Kmart.com Debuts the 'Boxer Boogie'

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Troubled mass merchandiser Kmart Corp. introduced an online game as part of its second interactive campaign to promote Joe Boxer apparel and accessories.


"Boxer Boogie Breakdown" can be played on kmartboxers.com and kmart.com. It lets users control the dance steps of a computerized Joe Boxer character clad only in the brand's briefs.


"What they're looking for is a simple but viral gamelet that would drive awareness to the fact that Joe Boxer is exclusively at Kmart," said Keith Ferrazzi, CEO of YaYa Media LLC, the Los Angeles creator of the Joe Boxer online game.


Kmart, which is restructuring after a Chapter 11 bankruptcy filing, exclusively sells Joe Boxer apparel, accessories and house ware for consumers of all ages.


This effort follows a Joe Boxer online holiday greeting card. More than 300,000 visitors have sent the card since its December debut at kmartboxers.com.


That success persuaded Kmart, Troy, MI, to extend its dancing Joe Boxer character from television to the Internet. Consumers can visit one of the two designated Kmart sites and click on a button to make the character dance moves like "Spazz," "Touch down," "Knock-Knock" and "Puppy Dog" -- all moves from the TV campaign.


The game replicates from TV the Joe Boxer character's apartment setting and composer Nicola Conte's "Jet Sounds" grooves. Hidden features include a "modest" reaction if a user clicks on an immodest part of the character's body.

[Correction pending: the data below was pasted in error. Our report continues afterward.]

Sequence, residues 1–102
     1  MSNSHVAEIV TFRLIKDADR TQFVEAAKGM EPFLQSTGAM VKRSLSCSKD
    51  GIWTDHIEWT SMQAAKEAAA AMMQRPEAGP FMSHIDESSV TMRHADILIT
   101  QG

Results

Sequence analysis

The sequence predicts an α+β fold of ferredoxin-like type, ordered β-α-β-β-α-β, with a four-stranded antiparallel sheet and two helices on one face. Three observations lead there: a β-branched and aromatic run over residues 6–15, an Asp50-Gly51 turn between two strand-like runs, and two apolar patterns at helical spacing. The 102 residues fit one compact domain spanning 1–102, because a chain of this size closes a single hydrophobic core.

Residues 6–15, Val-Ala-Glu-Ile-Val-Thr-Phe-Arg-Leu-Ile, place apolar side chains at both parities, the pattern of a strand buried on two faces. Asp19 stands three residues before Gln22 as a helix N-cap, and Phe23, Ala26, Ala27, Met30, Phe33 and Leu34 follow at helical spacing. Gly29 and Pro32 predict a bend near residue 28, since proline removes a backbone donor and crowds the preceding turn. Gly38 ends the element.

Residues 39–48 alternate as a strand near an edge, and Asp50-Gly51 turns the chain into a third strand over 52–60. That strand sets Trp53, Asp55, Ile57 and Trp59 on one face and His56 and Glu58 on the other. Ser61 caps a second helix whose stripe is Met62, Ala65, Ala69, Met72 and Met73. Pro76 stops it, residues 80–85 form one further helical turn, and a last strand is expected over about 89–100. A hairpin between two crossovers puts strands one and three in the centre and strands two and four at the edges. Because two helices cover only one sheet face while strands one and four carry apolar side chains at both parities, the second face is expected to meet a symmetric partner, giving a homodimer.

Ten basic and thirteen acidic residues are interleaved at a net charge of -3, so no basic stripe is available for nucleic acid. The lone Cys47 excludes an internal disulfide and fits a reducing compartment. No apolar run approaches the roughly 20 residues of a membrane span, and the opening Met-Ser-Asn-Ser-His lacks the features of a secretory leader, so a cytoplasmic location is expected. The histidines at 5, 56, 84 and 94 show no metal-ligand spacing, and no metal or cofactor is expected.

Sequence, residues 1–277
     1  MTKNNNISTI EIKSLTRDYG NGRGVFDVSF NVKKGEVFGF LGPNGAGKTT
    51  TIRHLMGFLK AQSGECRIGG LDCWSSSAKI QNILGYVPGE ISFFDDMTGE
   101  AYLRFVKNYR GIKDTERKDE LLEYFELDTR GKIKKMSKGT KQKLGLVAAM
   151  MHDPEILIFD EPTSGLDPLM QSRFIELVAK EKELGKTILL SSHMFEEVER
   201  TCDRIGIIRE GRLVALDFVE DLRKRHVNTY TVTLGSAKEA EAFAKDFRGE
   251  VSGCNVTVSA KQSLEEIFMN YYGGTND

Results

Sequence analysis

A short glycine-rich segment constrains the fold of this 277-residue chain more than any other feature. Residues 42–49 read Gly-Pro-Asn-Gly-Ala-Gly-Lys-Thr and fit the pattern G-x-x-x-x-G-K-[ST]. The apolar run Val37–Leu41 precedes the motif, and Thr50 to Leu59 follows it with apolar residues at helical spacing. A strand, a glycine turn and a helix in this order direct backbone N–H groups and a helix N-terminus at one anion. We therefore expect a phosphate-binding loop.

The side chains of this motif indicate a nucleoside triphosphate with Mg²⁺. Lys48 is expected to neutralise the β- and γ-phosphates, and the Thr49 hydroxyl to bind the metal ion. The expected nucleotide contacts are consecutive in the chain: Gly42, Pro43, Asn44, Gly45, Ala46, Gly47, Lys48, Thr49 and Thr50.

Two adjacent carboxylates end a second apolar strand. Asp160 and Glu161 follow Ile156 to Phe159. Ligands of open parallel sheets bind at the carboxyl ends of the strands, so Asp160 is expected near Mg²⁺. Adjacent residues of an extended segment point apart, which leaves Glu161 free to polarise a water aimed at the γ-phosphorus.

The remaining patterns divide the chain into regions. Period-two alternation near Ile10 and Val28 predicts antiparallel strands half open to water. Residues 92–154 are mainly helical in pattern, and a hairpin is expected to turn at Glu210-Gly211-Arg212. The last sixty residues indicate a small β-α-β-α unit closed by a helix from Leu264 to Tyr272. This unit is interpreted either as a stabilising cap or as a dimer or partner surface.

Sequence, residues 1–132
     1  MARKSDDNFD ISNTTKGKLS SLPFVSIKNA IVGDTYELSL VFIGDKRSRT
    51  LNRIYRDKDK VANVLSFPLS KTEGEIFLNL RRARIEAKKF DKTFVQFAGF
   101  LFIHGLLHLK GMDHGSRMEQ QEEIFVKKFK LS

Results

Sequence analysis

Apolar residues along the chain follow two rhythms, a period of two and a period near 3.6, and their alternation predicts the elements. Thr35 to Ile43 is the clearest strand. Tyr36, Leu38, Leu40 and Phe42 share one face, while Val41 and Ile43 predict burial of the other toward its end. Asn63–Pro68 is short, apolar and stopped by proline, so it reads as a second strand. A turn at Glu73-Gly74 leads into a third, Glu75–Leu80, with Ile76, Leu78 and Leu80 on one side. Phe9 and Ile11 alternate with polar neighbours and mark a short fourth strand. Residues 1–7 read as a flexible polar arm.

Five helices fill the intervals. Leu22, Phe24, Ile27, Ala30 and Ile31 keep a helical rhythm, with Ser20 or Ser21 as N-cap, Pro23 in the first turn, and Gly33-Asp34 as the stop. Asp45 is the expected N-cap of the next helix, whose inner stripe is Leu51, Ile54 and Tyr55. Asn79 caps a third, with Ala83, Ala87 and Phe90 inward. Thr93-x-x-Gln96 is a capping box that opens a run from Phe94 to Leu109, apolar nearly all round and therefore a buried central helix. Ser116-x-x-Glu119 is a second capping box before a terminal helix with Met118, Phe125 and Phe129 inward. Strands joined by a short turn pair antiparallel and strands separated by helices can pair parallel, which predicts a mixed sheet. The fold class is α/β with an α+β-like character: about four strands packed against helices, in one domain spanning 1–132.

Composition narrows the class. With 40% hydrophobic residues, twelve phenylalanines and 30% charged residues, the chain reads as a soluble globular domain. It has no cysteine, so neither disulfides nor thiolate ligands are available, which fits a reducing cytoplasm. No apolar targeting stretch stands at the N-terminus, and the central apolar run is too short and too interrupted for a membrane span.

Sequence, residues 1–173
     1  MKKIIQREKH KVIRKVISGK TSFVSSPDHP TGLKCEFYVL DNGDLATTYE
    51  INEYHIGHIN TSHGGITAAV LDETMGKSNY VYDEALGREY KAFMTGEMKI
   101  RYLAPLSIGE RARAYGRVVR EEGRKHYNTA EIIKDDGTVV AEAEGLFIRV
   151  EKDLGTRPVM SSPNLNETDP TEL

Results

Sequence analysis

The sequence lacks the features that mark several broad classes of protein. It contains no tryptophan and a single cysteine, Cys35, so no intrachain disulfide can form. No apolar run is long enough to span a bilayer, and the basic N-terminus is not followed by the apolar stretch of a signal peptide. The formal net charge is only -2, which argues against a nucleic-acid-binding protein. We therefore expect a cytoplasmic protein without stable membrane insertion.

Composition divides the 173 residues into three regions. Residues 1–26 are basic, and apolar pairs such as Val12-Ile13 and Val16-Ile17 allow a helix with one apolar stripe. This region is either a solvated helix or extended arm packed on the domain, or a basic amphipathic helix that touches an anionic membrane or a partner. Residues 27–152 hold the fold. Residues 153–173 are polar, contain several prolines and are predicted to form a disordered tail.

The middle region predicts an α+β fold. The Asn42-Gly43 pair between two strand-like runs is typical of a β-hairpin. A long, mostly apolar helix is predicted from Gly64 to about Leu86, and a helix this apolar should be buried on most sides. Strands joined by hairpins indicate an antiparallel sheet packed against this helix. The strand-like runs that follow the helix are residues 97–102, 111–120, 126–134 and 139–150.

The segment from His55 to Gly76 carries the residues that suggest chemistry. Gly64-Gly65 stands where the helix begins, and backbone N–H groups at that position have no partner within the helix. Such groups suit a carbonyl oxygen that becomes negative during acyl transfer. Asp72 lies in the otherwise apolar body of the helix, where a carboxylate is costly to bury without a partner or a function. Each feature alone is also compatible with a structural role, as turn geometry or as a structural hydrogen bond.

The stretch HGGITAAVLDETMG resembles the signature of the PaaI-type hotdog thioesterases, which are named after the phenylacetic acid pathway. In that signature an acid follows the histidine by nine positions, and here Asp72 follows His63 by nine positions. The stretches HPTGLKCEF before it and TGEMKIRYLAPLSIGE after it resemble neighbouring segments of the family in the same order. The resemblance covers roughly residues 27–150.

Users can click and change the environment to a rave or disco setting. Players can forward the game via e-mail to other Joe Boxer aficionados.


"Boxer Boogie Breakdown" is one of many online games produced by YaYa. The company customizes branding and training entertainment, merging that with advertising and direct marketing for engendering consumer loyalty.


Current YaYa campaigns include "Chrysler Get Up and Go," "Siemens Challenge," "Jeep Game Zone" and "Dodge Midnight Racers." Other clients include Paramount Pictures, Viacom's Nickelodeon, PepsiCo, Safeway, Burger King Corp., IBM Corp., Intel Corp. and ad agencies Tribal DDB Worldwide and Rubin Postaer and Associates.


As with its other clients, YaYa's task with the game is to make Kmart stand out from its competition's marketing efforts for its own products.


"The challenge was, how do we cut through the [media] clutter?" Ferrazzi said.


Along with the viral effort via e-mail, Kmart hopes to drive many players of "Boxer Boogie Breakdown" to its kmart.com online store for purchases. The primary intent, however, is to drive people offline, where Kmart sorely needs business amid stiff competition from Wal-Mart Stores Inc. and Target Corp.


"It's intended to have people recognize that Joe Boxer is available and have people go into Kmart retail stores," Ferrazzi said


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